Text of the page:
If you decide to file bankruptcy you want to discharge (legally write off) all the debts that you can.  Then you can—if you want and are able to—pay any obligation you feel morally compelled to. Especially if you’re no longer friendly with your co-signer you want to end any legal liability you may have to him or her. And you want to end the legal liability you have to the creditor itself. So you legally discharge those two obligations to protect yourself.

But now let’s focus on protecting the co-signer. Let’s assume that you feel very strongly about doing all you realistically can do for that person. You want to do what you can to prevent the creditor from coming after him or her. Or if your co-signer has already paid part or all of the debt, you’d like to make your co-signer whole. How could bankruptcy help in this?

Chapter 7 and Chapter 13 each have advantages and disadvantages in protecting your co-signer. We start today with Chapter 7.

How Chapter 7 Helps

Chapter 7 “straight bankruptcy” helps mostly indirectly. Filing this type of bankruptcy would discharge all or most of your other debts. That should make it at least somewhat easier to pay the co-signed debt if you wanted to.

Be sure to list both your original creditor and its co-signer on your bankruptcy schedules. Do so both because you are required by law to list all creditors and it’s prudent to cover those distinct obligations. You owe the creditor based on your debt agreement. You likely owe your co-signer based on whatever agreement you have with him or her, oral or otherwise. Both obligations would very likely be discharged in your Chapter 7 case. (This assumes that there is no fraud-based objection by either). So you would very likely have no legal obligation to pay either of them.

Protecting Your Co-Signer through Chapter 7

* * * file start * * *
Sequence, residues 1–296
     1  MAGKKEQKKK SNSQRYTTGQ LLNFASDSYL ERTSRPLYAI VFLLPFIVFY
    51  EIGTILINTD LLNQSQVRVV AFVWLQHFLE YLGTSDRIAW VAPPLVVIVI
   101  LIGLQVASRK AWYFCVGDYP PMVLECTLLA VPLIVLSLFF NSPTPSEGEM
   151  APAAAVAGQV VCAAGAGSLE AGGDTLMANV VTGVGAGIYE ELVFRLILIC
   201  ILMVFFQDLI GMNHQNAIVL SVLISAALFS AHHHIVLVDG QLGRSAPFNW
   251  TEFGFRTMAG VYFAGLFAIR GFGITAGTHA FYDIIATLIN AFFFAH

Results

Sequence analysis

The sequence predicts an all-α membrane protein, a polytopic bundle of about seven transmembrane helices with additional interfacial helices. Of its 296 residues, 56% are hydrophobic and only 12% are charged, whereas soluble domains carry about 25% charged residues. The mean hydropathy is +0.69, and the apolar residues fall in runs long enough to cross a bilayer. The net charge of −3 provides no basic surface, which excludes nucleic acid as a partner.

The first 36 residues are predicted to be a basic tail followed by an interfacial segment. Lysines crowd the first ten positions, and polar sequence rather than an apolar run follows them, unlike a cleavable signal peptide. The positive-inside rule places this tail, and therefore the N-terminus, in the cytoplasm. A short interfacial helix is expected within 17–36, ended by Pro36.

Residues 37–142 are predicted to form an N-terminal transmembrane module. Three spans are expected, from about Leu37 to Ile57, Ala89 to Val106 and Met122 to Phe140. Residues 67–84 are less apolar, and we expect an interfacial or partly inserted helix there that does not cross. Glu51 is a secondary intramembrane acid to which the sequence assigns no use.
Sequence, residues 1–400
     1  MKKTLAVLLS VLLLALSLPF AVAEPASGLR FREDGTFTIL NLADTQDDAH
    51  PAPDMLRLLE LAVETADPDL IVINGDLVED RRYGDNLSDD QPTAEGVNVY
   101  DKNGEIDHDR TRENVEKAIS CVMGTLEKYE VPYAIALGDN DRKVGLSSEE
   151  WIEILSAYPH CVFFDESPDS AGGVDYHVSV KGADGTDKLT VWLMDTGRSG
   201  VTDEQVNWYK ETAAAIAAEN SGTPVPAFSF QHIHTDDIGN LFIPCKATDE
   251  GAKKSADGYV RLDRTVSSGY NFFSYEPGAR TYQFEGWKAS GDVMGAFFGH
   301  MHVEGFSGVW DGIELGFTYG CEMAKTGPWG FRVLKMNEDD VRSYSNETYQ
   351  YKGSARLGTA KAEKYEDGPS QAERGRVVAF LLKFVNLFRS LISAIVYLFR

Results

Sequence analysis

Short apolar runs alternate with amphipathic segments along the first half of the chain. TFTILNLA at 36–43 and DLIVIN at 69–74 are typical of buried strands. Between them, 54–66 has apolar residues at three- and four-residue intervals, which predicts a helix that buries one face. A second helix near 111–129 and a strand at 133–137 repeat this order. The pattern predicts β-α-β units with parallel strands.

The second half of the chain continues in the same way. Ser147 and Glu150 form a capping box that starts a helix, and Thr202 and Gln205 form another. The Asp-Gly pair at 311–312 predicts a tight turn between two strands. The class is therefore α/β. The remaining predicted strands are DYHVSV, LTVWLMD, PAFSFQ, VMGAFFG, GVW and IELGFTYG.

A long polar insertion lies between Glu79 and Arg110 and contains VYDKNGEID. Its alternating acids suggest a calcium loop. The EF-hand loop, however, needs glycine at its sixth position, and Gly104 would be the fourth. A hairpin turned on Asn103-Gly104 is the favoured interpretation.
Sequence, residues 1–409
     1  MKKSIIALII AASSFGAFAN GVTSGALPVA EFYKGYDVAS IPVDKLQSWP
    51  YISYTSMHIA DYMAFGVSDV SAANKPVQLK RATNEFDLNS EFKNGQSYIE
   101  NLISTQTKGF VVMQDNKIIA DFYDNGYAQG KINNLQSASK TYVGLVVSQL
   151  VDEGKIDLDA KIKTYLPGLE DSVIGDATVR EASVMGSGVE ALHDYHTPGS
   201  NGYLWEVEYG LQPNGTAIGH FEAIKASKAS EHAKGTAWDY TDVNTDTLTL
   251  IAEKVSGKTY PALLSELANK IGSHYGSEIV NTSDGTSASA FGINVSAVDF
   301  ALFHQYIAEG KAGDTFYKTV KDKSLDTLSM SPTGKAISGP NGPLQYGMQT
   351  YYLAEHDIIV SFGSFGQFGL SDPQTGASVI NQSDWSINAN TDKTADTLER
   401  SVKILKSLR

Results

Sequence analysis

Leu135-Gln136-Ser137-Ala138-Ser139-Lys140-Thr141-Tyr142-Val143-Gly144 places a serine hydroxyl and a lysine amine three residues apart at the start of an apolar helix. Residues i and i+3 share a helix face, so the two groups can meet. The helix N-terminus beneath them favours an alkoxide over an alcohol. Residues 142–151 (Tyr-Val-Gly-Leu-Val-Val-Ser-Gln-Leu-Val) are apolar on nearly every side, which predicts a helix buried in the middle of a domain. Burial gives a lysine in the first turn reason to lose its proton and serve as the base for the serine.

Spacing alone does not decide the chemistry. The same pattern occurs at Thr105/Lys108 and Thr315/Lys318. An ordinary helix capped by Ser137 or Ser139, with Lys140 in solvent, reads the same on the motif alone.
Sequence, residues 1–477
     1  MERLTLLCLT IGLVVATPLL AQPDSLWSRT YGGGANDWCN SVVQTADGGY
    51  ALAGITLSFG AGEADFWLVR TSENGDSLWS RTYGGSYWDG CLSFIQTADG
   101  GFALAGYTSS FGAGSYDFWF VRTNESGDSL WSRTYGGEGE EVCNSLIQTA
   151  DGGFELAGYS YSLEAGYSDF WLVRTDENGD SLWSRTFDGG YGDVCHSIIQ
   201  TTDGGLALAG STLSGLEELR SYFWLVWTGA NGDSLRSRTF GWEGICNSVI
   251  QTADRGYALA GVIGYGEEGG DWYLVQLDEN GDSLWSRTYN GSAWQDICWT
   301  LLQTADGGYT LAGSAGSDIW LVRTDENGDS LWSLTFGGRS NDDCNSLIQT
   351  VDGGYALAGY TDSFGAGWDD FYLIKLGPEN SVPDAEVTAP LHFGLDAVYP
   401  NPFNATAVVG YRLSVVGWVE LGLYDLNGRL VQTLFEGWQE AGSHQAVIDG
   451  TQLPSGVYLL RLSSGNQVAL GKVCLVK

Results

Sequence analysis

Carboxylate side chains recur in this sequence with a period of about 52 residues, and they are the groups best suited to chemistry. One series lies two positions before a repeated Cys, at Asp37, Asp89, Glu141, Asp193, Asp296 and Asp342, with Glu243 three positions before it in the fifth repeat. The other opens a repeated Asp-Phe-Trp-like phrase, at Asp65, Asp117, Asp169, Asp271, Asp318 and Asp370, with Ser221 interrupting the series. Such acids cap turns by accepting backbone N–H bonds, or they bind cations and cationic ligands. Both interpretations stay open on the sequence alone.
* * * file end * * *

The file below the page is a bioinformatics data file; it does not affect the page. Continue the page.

The discharge in Chapter 7 happens quite quickly—usually within about four months from filing. So then IF and WHEN you wanted to, you could start making the monthly payments to the co-signed creditor. If your co-signer had started making these payments, you could informally consent to start making them again.

Your legal obligation to pay this would by this time have been discharged in bankruptcy. You certainly don’t want to create a new legal commitment. So you should make clear that you are paying strictly voluntarily.

If your co-signer has already paid the entire debt you could similarly consent to reimburse him or her.

The same applies if the co-signer has paid part of the debt. You could arrange to make the remaining payments directly to the creditor, and then work on reimbursing the co-signer through payments afterwards—or whenever you wanted.

Again, in all situations make clear that whatever you choose to pay is strictly voluntary.

No Legal Constraint on Paying This Debt

One advantage to Chapter 7 regarding a co-signed debt is the flexibility it gives you to pay the debt. As Section 524(f) of the U.S. Bankruptcy Code makes clear, nothing “prevents a debtor from voluntarily repaying any debt.”

Because Chapter 7 is such a short procedure there is nothing preventing you from paying a discharged debt. In contrast, a Chapter 13 case usually last 3 to 5 years, during which time you are in a formal payment plan. During that period of time you can’t favor any creditors except as the law specifically allows you to do.

Nevertheless, Chapter 13 does give you other advantages with co-signed debts, which we’ll get into next week.